The chance you will watch an independent ‘film’ in a theatre has decreased significantly just in the last 10 years. The sheer volume of titles available on Netflix Watch Instantly, not to mention VOD IFC, HBO, Hulu, iTunes, Amazon and countless other streaming and on-demand services means viewers no longer need advance planning to watch at home (or anywhere they have a laptop or iPhone).
Filmmakers can find this a bit depressing. Watching a film in a theatre is exciting. It’s big! It’s usually calibrated to look as good as it can. And most importantly, there are a bunch of people—strangers!—watching it together.
Creating this sense of spirit is a challenge for independents and perhaps the main opportunity to compete with the mainstream industry. We don’t have studio-size spends, but we can understand our audiences more precisely and have a more personal relationship.
For live settings, event screenings work very well. But can we make digital screenings social? We generally have little to no control over when people watch the films online, their physical circumstances, who, if anyone, they are with, or even if they watch the whole film.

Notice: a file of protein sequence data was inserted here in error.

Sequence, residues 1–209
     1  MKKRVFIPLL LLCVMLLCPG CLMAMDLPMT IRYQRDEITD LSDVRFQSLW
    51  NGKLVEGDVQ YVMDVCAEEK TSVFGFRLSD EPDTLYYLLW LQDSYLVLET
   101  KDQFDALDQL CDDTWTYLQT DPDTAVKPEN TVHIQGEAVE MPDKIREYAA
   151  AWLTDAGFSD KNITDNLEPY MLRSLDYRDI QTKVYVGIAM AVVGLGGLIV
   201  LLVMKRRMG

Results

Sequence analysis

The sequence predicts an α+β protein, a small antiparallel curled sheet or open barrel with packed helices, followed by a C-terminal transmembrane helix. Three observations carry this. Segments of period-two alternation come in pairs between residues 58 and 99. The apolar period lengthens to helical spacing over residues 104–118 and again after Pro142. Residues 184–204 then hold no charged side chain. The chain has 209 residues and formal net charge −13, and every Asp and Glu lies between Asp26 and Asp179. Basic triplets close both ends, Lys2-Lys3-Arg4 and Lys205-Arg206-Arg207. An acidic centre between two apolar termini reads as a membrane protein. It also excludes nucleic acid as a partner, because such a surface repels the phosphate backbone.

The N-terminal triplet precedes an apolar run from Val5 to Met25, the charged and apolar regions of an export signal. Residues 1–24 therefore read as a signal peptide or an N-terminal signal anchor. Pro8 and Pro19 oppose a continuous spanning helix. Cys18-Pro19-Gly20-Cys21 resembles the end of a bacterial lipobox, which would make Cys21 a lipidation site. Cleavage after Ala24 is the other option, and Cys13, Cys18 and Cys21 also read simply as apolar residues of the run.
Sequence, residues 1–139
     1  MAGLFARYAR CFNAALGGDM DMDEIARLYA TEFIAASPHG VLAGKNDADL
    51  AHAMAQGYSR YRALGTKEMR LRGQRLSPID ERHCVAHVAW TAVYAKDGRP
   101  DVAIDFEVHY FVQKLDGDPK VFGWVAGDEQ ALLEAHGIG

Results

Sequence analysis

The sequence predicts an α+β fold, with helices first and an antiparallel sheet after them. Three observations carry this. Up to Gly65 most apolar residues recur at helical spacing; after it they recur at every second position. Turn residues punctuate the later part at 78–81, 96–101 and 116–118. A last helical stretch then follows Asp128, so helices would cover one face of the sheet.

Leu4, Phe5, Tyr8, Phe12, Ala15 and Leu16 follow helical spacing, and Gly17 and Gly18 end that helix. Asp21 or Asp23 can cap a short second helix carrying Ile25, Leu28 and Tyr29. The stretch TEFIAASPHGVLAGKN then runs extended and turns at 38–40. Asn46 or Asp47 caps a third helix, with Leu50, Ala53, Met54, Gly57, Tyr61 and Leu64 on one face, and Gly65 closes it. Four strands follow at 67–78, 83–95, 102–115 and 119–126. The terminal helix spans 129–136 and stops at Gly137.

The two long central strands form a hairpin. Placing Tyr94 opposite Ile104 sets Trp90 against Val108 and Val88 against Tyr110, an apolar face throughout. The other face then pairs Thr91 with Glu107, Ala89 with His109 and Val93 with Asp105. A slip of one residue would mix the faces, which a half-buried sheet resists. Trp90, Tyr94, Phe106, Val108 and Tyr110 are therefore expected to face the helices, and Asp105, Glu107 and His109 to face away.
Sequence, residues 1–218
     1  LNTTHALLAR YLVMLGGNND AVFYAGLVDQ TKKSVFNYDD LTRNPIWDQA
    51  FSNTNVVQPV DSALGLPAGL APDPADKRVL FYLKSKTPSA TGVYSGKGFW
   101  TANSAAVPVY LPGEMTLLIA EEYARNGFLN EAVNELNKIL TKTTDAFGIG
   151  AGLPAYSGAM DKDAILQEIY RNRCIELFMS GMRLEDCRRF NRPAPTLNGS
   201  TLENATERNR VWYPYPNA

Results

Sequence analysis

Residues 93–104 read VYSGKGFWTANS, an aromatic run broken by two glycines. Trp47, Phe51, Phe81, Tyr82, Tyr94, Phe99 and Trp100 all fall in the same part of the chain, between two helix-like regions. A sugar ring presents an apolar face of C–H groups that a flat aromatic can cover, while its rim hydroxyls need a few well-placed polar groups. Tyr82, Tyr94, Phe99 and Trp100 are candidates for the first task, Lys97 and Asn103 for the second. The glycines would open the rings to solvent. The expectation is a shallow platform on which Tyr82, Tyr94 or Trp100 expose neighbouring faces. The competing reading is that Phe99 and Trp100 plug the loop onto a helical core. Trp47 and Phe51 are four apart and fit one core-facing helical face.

Still, filmmakers have come up with some innovative ways of bringing the audience for digital screenings together. Transmedia, expressing your story in a different context, can play a great role. Lance Weiler’s Head Trauma featured a game that embedded clues in flash frames of the film itself, so viewers had to watch the film repeatedly to play and engaged with each other on the film’s site. You could offer live events to viewers of the movie during a digital rollout, such as a Skype-based Q&A. Using a technology like CrowdControls, viewers could identify their location and you could plan post-screening events in popular places.
Do you have other examples of ways to make online screenings exciting or social? Or are we doomed to living in a room with a virtual helmet?